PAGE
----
Saturday night in Sauchiehall Street, Glasgow, used to be a time and place best avoided by reputable Glaswegians. This was the arena of the drunken, frequently vicious street brawls which heaped disrepute on the city.

What was slightly unusual in an affray on OCTOBER 31st, 1965, was that one man died. What was even more unusual was that two young nurses with no thought for their own safety ran to his aid, causing his assailants to flee.

William Pater, 22, was the victim. He was set upon by six youths wielding their boots, an iron bar and a knife. The brawl was the culmination of a series of disputes between families in the Barnhill area.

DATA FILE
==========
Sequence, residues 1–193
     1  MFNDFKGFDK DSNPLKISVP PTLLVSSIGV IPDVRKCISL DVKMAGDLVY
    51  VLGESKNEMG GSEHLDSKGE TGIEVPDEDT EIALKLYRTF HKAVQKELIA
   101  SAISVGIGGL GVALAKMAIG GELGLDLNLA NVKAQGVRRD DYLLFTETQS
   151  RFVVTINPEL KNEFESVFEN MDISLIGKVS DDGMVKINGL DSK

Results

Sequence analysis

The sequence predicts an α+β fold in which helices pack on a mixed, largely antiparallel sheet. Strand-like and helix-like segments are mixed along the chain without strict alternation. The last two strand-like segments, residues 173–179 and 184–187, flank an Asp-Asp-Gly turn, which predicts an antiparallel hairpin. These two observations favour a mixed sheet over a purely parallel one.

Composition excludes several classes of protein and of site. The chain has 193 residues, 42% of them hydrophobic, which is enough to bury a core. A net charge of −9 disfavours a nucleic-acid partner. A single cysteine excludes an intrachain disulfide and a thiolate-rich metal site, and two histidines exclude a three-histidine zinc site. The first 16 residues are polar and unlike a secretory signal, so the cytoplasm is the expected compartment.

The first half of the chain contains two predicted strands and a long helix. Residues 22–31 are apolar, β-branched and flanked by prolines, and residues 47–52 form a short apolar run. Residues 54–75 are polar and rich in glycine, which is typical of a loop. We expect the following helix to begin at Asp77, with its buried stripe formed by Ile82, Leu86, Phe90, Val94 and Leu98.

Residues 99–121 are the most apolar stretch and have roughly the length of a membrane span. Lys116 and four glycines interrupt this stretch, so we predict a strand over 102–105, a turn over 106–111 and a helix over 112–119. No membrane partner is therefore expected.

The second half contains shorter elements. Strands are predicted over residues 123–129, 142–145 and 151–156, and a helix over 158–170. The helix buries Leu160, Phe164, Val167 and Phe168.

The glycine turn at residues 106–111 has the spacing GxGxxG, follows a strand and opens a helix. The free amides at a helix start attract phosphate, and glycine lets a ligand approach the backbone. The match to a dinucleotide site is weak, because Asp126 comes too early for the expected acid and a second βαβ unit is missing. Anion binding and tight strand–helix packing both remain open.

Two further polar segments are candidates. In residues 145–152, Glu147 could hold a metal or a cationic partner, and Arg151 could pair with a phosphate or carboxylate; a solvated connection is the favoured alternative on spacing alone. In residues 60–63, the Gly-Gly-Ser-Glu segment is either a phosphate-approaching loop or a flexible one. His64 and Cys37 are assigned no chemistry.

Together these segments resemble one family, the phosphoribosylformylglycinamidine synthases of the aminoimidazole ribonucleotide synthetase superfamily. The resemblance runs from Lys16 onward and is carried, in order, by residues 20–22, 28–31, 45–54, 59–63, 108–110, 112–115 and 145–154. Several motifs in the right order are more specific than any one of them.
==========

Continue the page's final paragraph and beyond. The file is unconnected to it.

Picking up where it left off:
Five youths were convicted of Mr. Pater’s murder; the sixth was acquitted after the jury’s “Not Proven” verdict. Two of them, John McArdle, 19, and Patrick Donnelly, 20, were sentenced to life. The other three, who were all under age at the time of the murder, were sentenced to be detained indefinitely. All the youths served between eight and 10 years in prison.

The trial judge asked that the two young nurses be officially rewarded for their bravery. There would be less crime in Glasgow, he said, if more citizens behaved as well as they did.